Ending Collateral Requirements for Non-U.S. Reinsurers – It’s Been a Long Time Coming

By | April 22, 2022

Financially strong EU and UK reinsurers will finally see the end of collateral requirements for business they write in the United States — changes that have been more than 20 years in the making.

Effective Oct. 1, 2022, reinsurers, which have “reciprocal reinsurer” status, no longer will have to post consumer protection collateral equal to 100% of the risk assumed from U.S. insurers. Such collateral includes letters of credit issued by authorized U.S. financial institutions.

Foreign regulators, politicians and reinsurers for many years have objected to the collateral requirement, arguing that it has put them at a competitive disadvantage because it reduces available capital, increases the cost of capital and ultimately results in higher premiums.

To qualify for these special reinsurance measures, the Lloyd’s Market Association explained that an assuming reinsurer must meet certain conditions:

  1. A reinsurer has at least €226 million (US$245.4 million) of own funds or capital and surplus
  2. A central fund contains at least €226 million
  3. A solvency ratio of 100% solvency capital requirement (SCR) under Solvency II
  4. The assuming reinsurer provides consent to the jurisdiction of the courts of the U.S. (Lloyd’s does this centrally).
  5. The assuming reinsurer consents to the host supervisory authority as agent for process of service (Lloyds does this centrally).

The change to the EU-U.S.-covered agreements was announced in 2017, while a separate UK-U.S. covered agreement was signed in 2018 after the UK decided to leave the European Union.

The National Association of Insurance Commissioners began considering some changes 2001 in the wake of the Sept. 11 terrorists attacks, when international interests submitted a proposal to establish a list of approved reinsurers. After all, non-U.S. reinsurers reportedly paid 64% of overall claims from 9/11, a figure that has been attributed to Dowling & Partners. According to Swiss Re, insured losses for 9/11 (inflated to 2021 dollars) totaled US$28.7 billion.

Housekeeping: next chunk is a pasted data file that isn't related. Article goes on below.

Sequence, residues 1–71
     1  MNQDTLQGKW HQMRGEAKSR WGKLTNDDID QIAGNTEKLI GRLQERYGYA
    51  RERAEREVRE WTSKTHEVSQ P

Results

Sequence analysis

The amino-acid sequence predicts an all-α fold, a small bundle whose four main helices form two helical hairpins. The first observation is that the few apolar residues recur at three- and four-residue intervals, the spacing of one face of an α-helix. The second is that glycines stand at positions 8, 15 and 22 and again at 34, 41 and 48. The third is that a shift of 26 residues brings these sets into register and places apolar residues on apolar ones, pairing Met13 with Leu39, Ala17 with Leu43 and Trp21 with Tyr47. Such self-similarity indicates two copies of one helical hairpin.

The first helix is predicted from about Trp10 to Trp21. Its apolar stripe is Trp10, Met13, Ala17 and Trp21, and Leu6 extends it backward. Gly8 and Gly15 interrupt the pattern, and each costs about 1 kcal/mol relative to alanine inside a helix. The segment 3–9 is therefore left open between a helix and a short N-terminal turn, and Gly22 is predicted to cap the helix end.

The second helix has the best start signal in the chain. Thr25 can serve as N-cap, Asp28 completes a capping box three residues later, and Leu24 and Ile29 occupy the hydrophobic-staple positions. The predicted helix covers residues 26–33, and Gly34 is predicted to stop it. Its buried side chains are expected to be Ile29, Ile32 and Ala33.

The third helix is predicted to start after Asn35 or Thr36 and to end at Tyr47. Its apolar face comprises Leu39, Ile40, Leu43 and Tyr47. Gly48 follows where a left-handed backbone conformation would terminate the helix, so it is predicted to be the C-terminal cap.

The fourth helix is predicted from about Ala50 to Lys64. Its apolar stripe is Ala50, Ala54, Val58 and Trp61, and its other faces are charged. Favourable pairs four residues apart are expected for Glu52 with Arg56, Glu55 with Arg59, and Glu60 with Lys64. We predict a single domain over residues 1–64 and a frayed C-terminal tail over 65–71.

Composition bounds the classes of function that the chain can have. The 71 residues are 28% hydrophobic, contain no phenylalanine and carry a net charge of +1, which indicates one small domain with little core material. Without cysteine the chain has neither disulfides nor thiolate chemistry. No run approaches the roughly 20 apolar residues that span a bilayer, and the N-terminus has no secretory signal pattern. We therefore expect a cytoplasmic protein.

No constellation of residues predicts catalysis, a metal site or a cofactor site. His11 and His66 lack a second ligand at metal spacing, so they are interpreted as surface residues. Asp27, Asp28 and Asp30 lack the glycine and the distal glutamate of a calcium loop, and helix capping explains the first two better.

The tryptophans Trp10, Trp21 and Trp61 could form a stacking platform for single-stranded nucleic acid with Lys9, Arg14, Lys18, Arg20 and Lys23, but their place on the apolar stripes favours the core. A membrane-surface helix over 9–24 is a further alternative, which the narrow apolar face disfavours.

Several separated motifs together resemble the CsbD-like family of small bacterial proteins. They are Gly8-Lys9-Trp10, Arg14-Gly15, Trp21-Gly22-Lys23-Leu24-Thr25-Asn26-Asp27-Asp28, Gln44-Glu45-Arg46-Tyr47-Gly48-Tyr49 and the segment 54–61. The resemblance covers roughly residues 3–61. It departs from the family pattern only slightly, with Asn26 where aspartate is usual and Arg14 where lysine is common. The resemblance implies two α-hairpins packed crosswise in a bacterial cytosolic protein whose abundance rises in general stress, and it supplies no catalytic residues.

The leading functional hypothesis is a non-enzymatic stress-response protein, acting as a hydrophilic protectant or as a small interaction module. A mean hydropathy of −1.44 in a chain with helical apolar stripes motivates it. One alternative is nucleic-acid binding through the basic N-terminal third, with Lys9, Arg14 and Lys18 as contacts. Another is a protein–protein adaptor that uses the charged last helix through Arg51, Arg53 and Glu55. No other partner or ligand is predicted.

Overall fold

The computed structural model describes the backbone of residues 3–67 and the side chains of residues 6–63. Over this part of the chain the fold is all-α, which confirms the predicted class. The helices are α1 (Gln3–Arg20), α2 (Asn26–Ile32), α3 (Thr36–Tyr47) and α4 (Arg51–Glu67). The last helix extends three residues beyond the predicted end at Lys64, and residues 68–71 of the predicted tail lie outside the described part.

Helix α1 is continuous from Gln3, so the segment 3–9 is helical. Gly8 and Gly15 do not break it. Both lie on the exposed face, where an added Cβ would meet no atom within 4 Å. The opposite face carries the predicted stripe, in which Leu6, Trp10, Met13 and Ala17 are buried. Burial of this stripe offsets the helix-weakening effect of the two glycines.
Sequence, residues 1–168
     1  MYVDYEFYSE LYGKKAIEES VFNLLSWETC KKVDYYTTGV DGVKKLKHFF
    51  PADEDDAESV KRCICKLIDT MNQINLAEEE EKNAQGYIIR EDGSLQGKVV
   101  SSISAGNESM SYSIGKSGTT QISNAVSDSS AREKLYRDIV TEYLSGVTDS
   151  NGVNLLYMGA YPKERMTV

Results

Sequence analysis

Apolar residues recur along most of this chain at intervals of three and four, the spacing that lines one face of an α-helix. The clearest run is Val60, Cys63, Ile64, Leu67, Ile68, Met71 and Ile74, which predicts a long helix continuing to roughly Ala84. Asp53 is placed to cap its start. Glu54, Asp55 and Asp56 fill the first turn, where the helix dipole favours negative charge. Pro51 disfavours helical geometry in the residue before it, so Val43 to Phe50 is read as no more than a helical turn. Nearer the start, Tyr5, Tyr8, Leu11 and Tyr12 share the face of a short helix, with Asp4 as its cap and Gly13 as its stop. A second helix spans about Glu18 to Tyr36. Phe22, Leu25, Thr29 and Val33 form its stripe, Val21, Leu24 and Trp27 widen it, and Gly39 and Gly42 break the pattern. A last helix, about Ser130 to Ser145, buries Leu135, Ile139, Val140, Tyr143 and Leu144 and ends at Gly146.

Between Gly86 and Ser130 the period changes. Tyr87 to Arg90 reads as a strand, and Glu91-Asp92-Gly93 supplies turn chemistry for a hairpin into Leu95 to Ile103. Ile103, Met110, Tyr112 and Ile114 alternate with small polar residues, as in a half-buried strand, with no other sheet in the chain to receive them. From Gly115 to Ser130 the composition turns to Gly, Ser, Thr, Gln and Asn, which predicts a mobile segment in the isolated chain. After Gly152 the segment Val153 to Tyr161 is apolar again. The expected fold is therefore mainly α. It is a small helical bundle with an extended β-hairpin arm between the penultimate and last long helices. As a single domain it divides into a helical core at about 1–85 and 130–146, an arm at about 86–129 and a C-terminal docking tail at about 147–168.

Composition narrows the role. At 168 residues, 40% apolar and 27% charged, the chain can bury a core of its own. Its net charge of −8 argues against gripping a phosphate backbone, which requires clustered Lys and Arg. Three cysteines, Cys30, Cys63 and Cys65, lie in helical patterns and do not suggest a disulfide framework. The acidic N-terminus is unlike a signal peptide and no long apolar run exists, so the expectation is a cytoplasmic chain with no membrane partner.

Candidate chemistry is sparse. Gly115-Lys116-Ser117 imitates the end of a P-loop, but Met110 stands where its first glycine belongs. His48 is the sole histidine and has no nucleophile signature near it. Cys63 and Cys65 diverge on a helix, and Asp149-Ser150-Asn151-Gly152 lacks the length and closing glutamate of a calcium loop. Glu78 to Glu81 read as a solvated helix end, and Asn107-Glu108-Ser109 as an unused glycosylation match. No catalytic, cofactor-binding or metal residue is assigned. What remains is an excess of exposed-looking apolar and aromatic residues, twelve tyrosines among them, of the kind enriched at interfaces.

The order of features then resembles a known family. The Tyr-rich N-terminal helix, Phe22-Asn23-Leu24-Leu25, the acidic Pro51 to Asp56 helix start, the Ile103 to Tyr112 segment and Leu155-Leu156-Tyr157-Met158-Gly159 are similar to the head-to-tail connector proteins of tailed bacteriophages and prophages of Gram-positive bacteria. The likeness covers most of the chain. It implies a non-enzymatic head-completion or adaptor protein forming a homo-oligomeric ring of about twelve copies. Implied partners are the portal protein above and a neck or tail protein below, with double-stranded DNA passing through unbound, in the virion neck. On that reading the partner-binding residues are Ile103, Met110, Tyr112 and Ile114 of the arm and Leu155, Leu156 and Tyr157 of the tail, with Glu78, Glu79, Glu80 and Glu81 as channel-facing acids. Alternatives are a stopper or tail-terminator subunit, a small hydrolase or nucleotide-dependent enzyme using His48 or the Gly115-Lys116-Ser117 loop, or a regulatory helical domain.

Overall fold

In February 2016, the U.S. government began negotiations with the EU, which concluded in January 2017. In October 2022, the rule changes are finally being enacted.

In exchange for the changes to the covered agreements, the EU and UK agreed to “not impose local presence requirements on U.S. firms operating in the EU, and effectively must defer to U.S. group capital regulation for U.S. entities of EU-based firms,” said the National Association of Insurance Commissioners.

The elimination of collateral requirements is prospective only and will apply to contracts written on or after Oct. 1, 2022. Contracts of U.S. reinsurance written on or after Oct. 1 will no longer be funded in the U.S. Credit for Reinsurance Trust funds, which will be closed to new business and will begin to be run off.

The LMA explained that contracts of U.S. reinsurance written prior to Oct. 1, 2022 will continue to be funded in the U.S. Credit for Reinsurance Trust Funds. “Collateral will not be eliminated for existing U.S. reinsurance contracts – existing collateral will continue to be adjusted on a quarterly basis as the Lloyd’s US Situs Credit for Reinsurance Trust funds run off.”

Further, the LMA said it is recommended that U.S. reinsurance contracts incepting on or after Oct. 1 make clear that the cedent is not a beneficiary of Lloyd’s U.S. Credit for Reinsurance Trust Funds and has no recourse to them.

The suggested wording is: “This agreement does not constitute an American Reinsurance Policy under the Lloyd’s U.S. Situs Credit for Reinsurance Trust Deed or the Lloyd’s American Credit for Reinsurance Joint Asset Trust Deed and the ceding insurer does not have recourse to those trust funds.”


Topics USA Reinsurance

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